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Title:Metabolic and molecular responses to interspecies hydrogen transfer between Ruminococcus albus and Wolinella succinogenes
Author(s):Geier, Renae Rose
Advisor(s):Mackie, Roderick
Contributor(s):Donovan, Sharon; Swanson, Kelly
Department / Program:Nutritional Sciences
Discipline:Nutritional Sciences
Degree Granting Institution:University of Illinois at Urbana-Champaign
Degree:M.S.
Genre:Thesis
Subject(s):interspecies hydrogen transfer
Ruminococcus albus
Wolinella succinogenes
electron bifurcation
hydrogenases
co-culture
Abstract:The mutually beneficial interdependence of hydrogen-producing and hydrogen-utilizing bacteria was discovered by M. P. Bryant, M. J. Wolin and R. S. Wolfe at the University of Illinois in 1967. Based on thermodynamic principles, interspecies hydrogen transfer is a central process in anaerobic environments linking transfer of reducing power from fermentation of organic molecules to inorganic electron acceptors via hydrogen. Interspecies hydrogen transfer is the most significant example of unidirectional substrate supply enabling the syntrophic metabolic association between interacting microbial species and plays a significant role in the global methane cycle. Ruminococcus albus 7 is a hydrogen-producing, fermentative bacterium with two known hydrogen-producing hydrogenase complexes, HydABC and HydA2, as well as a putative hydrogen-sensing protein, HydS. HydABC is the only chromosomal hydrogenase, while HydA2 and HydS form a transcriptional unit on its plasmid pRumal01. The electron-bifurcating ferredoxin- and NAD-dependent [FeFe]-hydrogenase, HydABC, couples proton reduction using nicotinamide adenine dinucleotide (NADH) to proton reduction using reduced ferredoxin (Fdred), producing molecular hydrogen: 3 H+ + NADH + Fdred → 2 H2 + NAD+ + Fdox. HydA2, a ferredoxin-dependent [FeFe]-hydrogenase, reduces protons to molecular hydrogen using only reduced ferredoxin: 2 H+ + Fdred → H2 + Fdox. HydS contains a PAS domain, which often are present on sensory proteins. In addition, HydS contains a putative redox-sensing [4Fe:4S] cluster. We hypothesized HydS transcriptionally regulates HydA2 in a manner dependent on the presence of a hydrogen-utilizing syntroph. To test this hypothesis, R. albus 7 and a hydrogen-utilizing bacterium, Wolinella succinogenes DSM 1740, were grown in pure culture and in co-culture. W. succinogenes uses hydrogen as an electron acceptor for fumarate respiration. Cell growth was monitored by optical density (OD600) and quantitative polymerase chain reaction (qPCR). Metabolites were measured to observe changes caused by the interaction of the two bacteria. Lastly, RNA was extracted at mid-log phase for sequencing to compare whole genome transcriptomic profiles. Hydrogen accumulated in the R. albus pure culture, but not in the co-culture. Production of acetate increased and ethanol decreased when R. albus was grown in co-culture with W. succinogenes. Transcript abundance of HydA2 was 90-fold lower in co-culture, relative to pure culture. The electron-bifurcating hydrogenase, HydABC, had a small change in transcript abundance in co-culture relative to pure culture (1.2- to 1.3-fold increase). This suggests HydS might be sensing hydrogen levels and regulating the transcription of HydA2. These results also suggest the electron-bifurcating hydrogenase (HydABC) functions in central metabolism regardless of external hydrogen concentration. In addition, many genes in central carbon metabolism, de novo thiamin biosynthesis, and methionine transport were significantly increased. W. succinogenes reduced all the fumarate to succinate in both the pure culture and the co-culture with R. albus. Two of the three subunits of the [NiFe]-hydrogenase in W. succinogenes had an increase in transcript abundance of 2.7-fold to 2.9-fold. The transcripts for fumarate reductase had a small increase in abundance in co-culture (1.2-fold). W. succinogenes had an increased growth rate in co-culture. Other respiratory genes in W. succinogenes had increased transcriptional abundance, including formate dehydrogenase and genes involved in nitrate reduction. Transcripts for fumarate respiration were much higher than for nitrate respiration. This is the first study to show at the genome and metabolite levels that R. albus and W. succinogenes benefit from symbiotic IHT, although formate transfer may have been occurring in co-culture as well.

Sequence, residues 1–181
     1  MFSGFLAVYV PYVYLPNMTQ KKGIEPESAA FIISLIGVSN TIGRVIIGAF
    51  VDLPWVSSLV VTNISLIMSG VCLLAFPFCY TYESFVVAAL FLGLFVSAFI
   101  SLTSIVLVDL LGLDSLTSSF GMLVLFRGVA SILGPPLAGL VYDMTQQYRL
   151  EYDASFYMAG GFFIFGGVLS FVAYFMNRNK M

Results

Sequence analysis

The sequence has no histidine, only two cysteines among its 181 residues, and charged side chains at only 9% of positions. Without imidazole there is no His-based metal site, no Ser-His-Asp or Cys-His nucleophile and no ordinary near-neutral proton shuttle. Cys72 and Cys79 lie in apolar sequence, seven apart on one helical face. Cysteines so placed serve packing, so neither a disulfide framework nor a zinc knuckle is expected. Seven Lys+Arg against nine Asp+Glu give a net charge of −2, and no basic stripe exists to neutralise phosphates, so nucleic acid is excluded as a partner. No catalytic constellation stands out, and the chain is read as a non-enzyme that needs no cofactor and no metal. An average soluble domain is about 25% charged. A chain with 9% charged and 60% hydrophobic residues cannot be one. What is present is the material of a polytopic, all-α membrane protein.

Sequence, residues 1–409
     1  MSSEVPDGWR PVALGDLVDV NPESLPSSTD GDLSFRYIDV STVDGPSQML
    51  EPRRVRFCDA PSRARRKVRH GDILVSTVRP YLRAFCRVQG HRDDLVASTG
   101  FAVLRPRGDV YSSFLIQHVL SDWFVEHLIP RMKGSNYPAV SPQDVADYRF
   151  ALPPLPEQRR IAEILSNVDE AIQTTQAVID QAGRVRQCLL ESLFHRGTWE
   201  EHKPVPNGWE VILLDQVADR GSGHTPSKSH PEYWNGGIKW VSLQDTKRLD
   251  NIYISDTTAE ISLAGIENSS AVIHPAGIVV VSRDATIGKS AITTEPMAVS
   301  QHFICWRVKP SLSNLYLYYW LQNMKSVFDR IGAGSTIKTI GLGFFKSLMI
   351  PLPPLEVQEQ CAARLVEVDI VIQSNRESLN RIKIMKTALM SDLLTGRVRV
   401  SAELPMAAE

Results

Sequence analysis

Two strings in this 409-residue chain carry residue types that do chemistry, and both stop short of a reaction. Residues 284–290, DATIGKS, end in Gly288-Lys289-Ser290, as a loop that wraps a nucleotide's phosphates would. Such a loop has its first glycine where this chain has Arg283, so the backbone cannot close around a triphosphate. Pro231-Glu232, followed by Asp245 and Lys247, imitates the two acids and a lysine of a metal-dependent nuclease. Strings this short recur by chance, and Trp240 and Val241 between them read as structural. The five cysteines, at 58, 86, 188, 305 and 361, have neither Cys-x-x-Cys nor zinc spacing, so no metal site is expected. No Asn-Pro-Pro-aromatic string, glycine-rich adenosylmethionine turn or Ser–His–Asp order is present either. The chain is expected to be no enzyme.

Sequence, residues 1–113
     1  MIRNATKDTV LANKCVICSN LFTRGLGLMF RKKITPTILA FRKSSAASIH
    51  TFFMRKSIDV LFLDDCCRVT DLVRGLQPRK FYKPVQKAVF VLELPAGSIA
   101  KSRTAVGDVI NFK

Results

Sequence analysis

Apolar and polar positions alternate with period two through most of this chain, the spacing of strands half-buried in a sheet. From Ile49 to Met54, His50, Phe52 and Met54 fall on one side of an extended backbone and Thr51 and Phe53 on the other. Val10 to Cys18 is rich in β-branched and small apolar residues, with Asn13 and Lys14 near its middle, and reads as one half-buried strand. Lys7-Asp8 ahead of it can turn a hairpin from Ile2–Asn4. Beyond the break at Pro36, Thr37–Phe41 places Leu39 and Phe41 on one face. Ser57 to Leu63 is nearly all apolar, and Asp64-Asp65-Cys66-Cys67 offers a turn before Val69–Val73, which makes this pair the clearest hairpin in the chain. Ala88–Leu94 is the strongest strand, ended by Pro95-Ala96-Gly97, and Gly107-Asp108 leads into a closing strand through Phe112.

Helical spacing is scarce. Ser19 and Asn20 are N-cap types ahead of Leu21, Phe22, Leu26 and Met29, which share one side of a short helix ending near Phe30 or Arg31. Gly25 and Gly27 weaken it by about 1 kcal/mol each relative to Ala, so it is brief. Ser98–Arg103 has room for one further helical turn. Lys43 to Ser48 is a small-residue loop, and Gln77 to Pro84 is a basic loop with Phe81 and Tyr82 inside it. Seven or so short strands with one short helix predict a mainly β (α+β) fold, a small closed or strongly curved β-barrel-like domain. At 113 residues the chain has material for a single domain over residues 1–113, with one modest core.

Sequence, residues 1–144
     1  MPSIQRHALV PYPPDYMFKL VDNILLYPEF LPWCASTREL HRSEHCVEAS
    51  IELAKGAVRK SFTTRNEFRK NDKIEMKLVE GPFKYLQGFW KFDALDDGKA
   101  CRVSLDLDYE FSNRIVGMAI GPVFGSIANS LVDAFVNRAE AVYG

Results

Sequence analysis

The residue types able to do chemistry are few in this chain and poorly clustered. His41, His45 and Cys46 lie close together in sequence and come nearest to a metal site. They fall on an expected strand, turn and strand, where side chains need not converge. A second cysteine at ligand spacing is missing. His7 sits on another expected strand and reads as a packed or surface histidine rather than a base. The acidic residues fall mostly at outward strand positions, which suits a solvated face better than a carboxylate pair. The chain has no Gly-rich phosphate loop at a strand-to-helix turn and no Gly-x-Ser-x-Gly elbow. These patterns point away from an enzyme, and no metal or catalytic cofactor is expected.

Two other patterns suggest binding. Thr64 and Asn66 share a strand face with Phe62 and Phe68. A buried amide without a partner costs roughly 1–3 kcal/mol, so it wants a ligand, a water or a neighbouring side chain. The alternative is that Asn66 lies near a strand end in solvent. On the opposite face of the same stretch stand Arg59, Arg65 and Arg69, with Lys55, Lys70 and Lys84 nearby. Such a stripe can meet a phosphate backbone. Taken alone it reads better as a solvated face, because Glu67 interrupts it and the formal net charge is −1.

Issue Date:2016-07-19
Type:Thesis
URI:http://hdl.handle.net/2142/92962
Rights Information:Copyright 2016 Renae R. Geier
Date Available in IDEALS:2016-11-10
Date Deposited:2016-08


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